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Fall 2016 4



We have to park here for about an

hour while the batteries get charged.

You know, Billy, it wasn’t that long ago

that we used something other than

electricity to power cars. This was

back before you were born. It was a

liquid called gasoline and it was re-

fined from decomposed fossil deposits

found thousands of feet underground.

Over millions of years they liquified

and had to be pumped to the surface.

Then the liquid, called “crude oil,” was

shipped to large petroleum refining

centers, sometimes in giant oil tankers

a couple of football fields long.

It came out as gasoline, a highly

toxic, flammable and combustible

clear liquid that had to be stored

below the ground in large holding

tanks at “gas stations” which were in

every neighborhood – sometimes one

on each corner of the same intersec-

tion. All cars had fifteen or twenty-

five-gallon “gas tanks” that had to be

filled from gas pumps at these gas sta-

tions about once a week. And gasoline

wasn’t cheap. It was about $20 a gal-

lon and you could only go about 40

miles on each gallon of gas


If it was so dangerous, Dad, how

did they keep it from exploding or

catching fire while it was being

pumped into cars?

Believe it or not, fires at gas sta-

tions were pretty rare. People were

usually pretty careful and they didn’t

allow smoking near gas pumps


weighed about 450 pounds and put out

a little over 300 horsepower.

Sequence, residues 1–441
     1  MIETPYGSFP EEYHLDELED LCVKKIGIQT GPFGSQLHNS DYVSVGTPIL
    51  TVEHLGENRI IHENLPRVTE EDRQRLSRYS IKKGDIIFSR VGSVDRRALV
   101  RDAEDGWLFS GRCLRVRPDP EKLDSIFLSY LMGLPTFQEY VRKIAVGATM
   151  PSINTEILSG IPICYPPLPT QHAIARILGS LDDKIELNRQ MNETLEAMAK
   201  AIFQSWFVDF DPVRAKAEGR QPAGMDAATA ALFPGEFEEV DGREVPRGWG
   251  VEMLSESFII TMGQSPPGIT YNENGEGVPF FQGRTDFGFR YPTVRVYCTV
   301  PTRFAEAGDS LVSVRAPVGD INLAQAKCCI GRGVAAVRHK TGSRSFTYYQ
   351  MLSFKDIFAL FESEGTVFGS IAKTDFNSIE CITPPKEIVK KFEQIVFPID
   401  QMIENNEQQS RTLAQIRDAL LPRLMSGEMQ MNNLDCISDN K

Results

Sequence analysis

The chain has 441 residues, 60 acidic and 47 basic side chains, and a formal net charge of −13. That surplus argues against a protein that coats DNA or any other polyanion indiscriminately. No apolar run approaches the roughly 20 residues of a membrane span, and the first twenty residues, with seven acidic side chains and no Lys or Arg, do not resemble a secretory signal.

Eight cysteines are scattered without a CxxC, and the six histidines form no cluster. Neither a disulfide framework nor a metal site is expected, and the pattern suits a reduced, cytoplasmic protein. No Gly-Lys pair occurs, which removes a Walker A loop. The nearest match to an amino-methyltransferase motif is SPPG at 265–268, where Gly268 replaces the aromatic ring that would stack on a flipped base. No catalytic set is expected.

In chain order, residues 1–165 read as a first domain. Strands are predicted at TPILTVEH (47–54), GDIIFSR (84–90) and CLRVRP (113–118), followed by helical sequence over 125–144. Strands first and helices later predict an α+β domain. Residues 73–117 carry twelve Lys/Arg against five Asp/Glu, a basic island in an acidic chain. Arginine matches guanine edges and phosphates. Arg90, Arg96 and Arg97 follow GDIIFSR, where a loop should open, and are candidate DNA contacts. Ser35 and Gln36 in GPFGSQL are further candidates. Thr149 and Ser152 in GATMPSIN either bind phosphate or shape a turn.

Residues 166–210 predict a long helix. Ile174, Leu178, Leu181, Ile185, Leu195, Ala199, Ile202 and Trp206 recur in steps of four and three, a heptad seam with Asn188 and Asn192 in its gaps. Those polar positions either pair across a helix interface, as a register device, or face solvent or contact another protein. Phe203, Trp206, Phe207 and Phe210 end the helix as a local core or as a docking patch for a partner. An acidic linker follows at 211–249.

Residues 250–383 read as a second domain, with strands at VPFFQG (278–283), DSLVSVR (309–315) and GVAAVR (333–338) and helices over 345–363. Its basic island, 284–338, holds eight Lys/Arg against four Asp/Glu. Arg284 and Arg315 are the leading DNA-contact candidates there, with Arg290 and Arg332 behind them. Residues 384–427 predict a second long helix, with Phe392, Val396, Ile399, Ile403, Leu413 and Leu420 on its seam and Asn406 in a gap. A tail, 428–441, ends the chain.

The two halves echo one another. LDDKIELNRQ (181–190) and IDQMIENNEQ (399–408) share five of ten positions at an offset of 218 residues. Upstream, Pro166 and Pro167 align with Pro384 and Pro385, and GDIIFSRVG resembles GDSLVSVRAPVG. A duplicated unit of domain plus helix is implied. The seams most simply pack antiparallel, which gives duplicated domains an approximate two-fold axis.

“What’s the electric motor in our

Cobra weigh?”

“It only weighs about 35 pounds,

so to go just as fast as the car origi-

nally went in the 1960s it only needs

to produce about 50 horsepower.

That’s about the same as our new leaf-


“Where does the electricity that

powers our Cobra come from? I know

that one end is the power cord that we

plug into the car to recharge it. What’s

on the other end?

“Large electric generating compa-

nies produce the power by burning

coal or natural gas and converting it

into electricity, Billy. It flows through

overhead wires and provides lights for

houses and electricity to charge bat-

teries. The batteries in the Cobra are

a brand new technology. The Cobra

takes four of them and each one

weighs about 5 pounds. They charge

up in about an hour and will provide

power for the car to go about 400 miles

before they need to be charged again.

And they never need to be replaced.”

“Don’t those power companies that

burn coal and natural gas emit pollu-

tants into the air just like the old gaso-

line engine?”

“Hey! Lookee here. What do you

know? We’re charged up already. Hop

in, Billy. Let’s go get an ice cream


Jim Sfetko photo.

What’s ‘smoking,’ Dad?

Oh, you wouldn’t understand,

Billy. A long time ago people used to

poison themselves by inhaling smoke

from burning leaves. Anyway, once in

a while a car would crash and the gas

tank would rupture and explode in a

huge fireball, but this happened

mostly in movies and on television


What happened to all those cars

that needed gasoline to run, Dad?

Well, Billy, the government out-

lawed them because they caused air

pollution. They were replaced with

cars powered by electricity and compa-

nies made retro-fit electric motors that

could replace gasoline engines in cars.

Like our Cobra, here. The old engine

In the last issue we provided an example of

how Cobra history is being diluted by inaccu-

racies printed in nonauthorative places which

are accepted as fact by those who don’t know

any better. Jay Talbott provided another ex-

ample: one of those Internet “click-bait” time-

wasters that provide a series of mildly

interesting nostalgic photos. This one was, “


things only ‘60s kids will understand

,” and it

showed images from the 1960s that someone

born after that time would have no knowledge

of. A 427 Cobra S/C was a car enthusiasts

swooned over – except the picture they

showed was a Cooper-Monaco “King Cobra.”


If you were a car enthusiast you swooned over this powerhouse on wheels.

20 Things Only ‘60s Kids Will Understand